Registration and Add/Drop
PHILOSOPHY DEPARTMENT POLICIES REGARDING REGISTRATION FOR GENERAL EDUCATION COURSES
For Fall 2013, the Assistant Director of Undergraduate Studies is Karen Stohr. Please contact her at email@example.com or (202) 687-1978 if you have any questions related to add / dropping Gen Ed classes.
- All students must take one course in ethics and one course in general philosophy (non-ethics). SFS students who have taken PHIL 099 may choose a second course in either area.
- The first course in philosophy will ordinarily be PHIL 010 or PHIL 020, and the second course will ordinarily be a bridge course (PHIL 100-199).
- Seniors are not permitted to enroll in PHIL 010 or PHIL 020 except in unusual circumstances. Seniors who have not yet taken any philosophy courses should enroll in bridge courses for their first and second philosophy course.
- Courses at the 200 level or above have a prerequisite of two philosophy courses.
- The Assistant Director of Undergraduate Studies is responsible for providing department approval on all add forms for general education philosophy courses.
- For closed courses, the department will rely on the Registrar’s waitlist system whenever possible.
- Students will be given permission to add into closed courses only in unusual circumstances such as intractable schedule conflicts. Any student with such a conflict must get confirmation of it from his or her Dean (or for NHS students, Academic Affairs advisor) before the Assistant Director of Undergraduate Studies will review the request.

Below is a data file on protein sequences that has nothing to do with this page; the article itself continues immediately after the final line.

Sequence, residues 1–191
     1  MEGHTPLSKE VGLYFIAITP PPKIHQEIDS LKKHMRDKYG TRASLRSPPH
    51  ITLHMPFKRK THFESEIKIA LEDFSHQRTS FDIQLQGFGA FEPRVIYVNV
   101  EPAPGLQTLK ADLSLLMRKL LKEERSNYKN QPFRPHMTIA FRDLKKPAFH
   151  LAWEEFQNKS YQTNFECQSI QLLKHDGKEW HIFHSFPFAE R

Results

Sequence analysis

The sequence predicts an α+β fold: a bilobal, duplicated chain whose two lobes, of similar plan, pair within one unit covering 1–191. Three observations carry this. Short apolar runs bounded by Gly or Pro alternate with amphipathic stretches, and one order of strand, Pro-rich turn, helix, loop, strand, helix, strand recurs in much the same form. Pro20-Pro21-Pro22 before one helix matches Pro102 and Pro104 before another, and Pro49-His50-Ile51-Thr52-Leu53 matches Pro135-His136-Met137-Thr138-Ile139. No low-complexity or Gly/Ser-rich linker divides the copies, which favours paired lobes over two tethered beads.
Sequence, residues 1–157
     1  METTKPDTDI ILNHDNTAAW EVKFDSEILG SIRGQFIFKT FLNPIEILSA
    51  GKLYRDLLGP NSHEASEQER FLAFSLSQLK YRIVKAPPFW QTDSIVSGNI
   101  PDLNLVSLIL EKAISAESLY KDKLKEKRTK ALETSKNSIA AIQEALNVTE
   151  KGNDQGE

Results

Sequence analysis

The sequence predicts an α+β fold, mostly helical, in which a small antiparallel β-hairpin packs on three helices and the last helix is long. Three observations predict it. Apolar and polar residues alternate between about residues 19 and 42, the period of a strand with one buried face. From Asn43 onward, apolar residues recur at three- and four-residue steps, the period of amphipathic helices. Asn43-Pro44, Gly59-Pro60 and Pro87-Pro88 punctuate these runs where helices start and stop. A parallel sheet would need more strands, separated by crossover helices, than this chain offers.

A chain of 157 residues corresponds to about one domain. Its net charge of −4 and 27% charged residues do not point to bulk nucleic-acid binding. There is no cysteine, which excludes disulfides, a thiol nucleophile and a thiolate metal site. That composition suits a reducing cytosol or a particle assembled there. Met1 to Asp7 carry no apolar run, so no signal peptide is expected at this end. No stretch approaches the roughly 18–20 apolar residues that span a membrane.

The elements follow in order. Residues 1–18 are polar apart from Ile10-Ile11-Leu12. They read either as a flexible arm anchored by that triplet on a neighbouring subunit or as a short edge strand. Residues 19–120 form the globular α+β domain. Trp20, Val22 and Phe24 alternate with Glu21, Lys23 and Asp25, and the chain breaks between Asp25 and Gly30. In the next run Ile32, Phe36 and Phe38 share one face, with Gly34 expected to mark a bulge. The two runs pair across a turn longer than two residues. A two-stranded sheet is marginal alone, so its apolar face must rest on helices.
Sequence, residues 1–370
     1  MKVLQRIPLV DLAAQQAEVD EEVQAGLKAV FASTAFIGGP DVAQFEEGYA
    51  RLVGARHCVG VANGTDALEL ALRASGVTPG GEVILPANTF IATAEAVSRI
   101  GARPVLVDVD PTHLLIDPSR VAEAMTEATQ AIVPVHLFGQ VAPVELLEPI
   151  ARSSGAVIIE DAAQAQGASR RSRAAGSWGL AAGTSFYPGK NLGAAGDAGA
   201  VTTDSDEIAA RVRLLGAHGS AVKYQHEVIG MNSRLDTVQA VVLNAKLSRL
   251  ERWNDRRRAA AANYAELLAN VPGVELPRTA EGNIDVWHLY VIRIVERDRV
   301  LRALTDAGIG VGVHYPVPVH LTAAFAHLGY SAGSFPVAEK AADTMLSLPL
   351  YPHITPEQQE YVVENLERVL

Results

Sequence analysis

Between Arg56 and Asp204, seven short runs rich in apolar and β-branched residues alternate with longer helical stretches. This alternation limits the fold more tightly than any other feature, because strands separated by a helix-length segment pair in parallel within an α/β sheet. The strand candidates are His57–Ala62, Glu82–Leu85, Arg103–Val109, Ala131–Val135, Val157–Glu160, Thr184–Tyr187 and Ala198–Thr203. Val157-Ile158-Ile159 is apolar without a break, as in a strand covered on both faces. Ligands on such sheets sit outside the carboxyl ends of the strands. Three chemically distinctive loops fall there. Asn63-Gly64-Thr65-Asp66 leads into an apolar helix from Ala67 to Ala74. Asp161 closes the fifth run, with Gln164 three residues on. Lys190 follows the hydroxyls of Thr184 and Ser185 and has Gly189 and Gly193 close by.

- Professor Henry Richardson elected to lead HDCA
- Professor Nancy Sherman participates in Religion & Ethics Newsweekly's Discussion
- Professor Henninger's translation of Amerini's "Aquinas" Released
- Professor Nancy Sherman Receives 2013 Guggenheim Fellowship
- Georgetown Graduate Matthew Rellihan Receives Tenure at Seattle University
- Mar 21, All day: Graduate Admissions Open House
- Mar 28, 3pm-5pm: Lecture Series: Mary Domski
- Apr 25, All day: Symposium: Toward a Constructive Ethical Pragmatism